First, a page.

Alabama’s Department of Human Resources sponsors three initiatives aimed at tackling employment, childcare, and recidivism, facilitated by the state’s community and technical colleges. 

On Tuesday, April 23, the Alabama DHR unveiled the Summer Youth Employment Program, Child Care Training Program, and Transition to Employment Program at Trenholm State Community College. These initiatives are geared towards boosting Alabama’s workforce participation and decreasing reliance on state financial aid. The Summer Youth Employment Program enables colleges within the Alabama Community College System (ACCS) to hire current, former, and prospective students aged 16 to 24 for summer jobs and training. Targeting families with incomes at or below 200% of the poverty level, the program focuses on enhancing the skills of participating students.  

Alabama’s Adult Education Division at ACCS offers the Child Care Training program, equipping individuals aspiring to work in childcare with essential skills to pursue viable career opportunities in the field. The Transition to Employment program, the latest addition, links formerly incarcerated individuals to stable employment opportunities with the support of a network of employers. These employers are motivated to provide employment opportunities for individuals to utilize the credentials they obtained through Ingram State Technical College, the state’s primary provider of prison education.  

DHR’s aim is to assist individuals in need, enabling them to discover opportunities and training that empower them to break free from dependency cycles and steer their lives in new directions. The Alabama Community College System is dedicated to offering opportunities that extend beyond the confines of the classroom, and to collaboration with committed advocates for education and resident success, like DHR, is what makes this possible.   

Here is a little history on how this came about. Established on May 3, 1963, Alabama’s community and technical colleges were consolidated into a single system by legislators, with the aim of providing accessible education and training in both academic and vocational fields to meet the state’s present and future workforce demands. Over the span of sixty years, this core mission remains central to the Alabama Community College System (ACCS). With 24 colleges spread across more than 130 locations and boasting an economic impact of $6.6 billion, the ACCS stands as Alabama’s premier platform for affordable education and technical training, essential for thriving in an ever-changing job market. Approximately 155,000 Alabamians benefit from a diverse array of certification, credential, dual enrollment, and degree programs offered by the ACCS, often developed in collaboration with key industry partners. The system encompasses vital entities such as the Alabama Technology Network, delivering specialized training and services directly to businesses, and the ACCS Innovation Center, renowned for its Skills for Success program, which offers rapid skills enhancement. Oversight of the ACCS is entrusted to the Alabama Community College System Board of Trustees.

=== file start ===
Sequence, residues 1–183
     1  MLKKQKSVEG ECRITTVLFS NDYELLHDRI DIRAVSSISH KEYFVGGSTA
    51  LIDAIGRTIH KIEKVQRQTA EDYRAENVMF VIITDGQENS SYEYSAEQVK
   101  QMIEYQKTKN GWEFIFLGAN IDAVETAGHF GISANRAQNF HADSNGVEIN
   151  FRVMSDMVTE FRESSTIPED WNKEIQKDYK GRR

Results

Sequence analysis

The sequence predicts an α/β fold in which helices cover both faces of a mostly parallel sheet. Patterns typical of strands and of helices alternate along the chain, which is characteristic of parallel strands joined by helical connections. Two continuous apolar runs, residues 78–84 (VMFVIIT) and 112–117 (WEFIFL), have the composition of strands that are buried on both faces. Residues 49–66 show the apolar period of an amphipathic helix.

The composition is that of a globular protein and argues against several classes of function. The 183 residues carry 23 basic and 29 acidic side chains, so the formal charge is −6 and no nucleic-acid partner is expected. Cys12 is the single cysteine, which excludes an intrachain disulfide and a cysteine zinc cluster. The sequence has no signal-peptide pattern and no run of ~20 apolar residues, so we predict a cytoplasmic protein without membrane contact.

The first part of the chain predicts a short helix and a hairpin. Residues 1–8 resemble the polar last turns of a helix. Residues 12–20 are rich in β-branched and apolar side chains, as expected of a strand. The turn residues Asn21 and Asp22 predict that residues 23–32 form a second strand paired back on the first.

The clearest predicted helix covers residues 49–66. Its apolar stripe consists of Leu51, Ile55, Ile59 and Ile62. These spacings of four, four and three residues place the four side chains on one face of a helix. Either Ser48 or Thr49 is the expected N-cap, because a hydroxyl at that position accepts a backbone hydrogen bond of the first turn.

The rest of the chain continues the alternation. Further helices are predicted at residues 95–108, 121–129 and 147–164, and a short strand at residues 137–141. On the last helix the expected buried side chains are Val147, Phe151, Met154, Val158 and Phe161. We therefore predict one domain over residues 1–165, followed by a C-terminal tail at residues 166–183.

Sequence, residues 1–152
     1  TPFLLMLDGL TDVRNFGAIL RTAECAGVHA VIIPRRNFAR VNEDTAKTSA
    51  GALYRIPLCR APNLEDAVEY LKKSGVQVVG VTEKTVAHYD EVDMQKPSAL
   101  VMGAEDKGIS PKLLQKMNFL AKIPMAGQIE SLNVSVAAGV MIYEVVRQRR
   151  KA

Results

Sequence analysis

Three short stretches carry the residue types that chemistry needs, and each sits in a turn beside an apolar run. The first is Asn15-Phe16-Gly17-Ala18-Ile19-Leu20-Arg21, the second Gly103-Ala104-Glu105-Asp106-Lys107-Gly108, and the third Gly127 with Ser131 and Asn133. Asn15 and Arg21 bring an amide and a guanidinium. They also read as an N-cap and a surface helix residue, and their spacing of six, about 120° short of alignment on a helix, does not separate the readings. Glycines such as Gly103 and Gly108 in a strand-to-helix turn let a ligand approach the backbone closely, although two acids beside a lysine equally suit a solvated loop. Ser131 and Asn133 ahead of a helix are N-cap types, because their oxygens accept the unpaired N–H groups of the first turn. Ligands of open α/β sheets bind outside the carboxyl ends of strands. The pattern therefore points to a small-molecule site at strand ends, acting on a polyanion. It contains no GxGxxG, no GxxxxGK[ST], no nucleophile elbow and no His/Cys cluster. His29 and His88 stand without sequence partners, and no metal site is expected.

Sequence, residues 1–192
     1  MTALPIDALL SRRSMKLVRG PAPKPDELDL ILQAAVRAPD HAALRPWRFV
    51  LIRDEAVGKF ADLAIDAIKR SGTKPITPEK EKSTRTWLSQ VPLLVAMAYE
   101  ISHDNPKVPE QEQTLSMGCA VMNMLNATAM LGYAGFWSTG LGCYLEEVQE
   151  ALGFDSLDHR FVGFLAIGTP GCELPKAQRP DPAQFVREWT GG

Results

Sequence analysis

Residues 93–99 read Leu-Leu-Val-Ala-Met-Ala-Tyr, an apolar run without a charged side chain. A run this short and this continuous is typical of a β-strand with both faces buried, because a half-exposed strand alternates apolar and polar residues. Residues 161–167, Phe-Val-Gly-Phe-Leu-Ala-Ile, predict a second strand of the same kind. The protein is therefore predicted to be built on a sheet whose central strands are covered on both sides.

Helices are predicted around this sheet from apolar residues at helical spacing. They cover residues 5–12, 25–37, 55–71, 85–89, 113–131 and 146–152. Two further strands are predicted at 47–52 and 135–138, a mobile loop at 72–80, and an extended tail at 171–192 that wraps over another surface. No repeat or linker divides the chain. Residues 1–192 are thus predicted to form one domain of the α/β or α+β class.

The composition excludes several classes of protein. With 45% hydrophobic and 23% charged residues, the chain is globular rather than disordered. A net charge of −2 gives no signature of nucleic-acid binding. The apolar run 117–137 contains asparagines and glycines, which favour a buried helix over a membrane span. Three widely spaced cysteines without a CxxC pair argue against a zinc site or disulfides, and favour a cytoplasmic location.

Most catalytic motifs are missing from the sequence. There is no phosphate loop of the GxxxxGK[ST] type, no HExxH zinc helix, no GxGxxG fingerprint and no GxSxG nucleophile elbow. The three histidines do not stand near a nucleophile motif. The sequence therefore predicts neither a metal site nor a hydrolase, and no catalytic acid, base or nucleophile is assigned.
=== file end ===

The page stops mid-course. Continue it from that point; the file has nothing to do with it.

The Alabama Department of Human Resources is dedicated to serving over 1.4 million Alabamians annually through its six major programs. Originating as the Department of Child Welfare in 1919, established by the Legislature to support at-risk children and families, it expanded its role during the Great Depression of 1933 to include administering financial assistance to struggling individuals. Following the enactment of the Social Security Act in 1935, the department and most of its functions transitioned to the newly formed Department of Public Welfare. Renamed as the Department of Pensions and Security in 1955, it eventually adopted its current name in 1986.  

While programs have evolved to meet Alabama’s changing needs, the agency’s core mission remains steadfast: to aid those in need.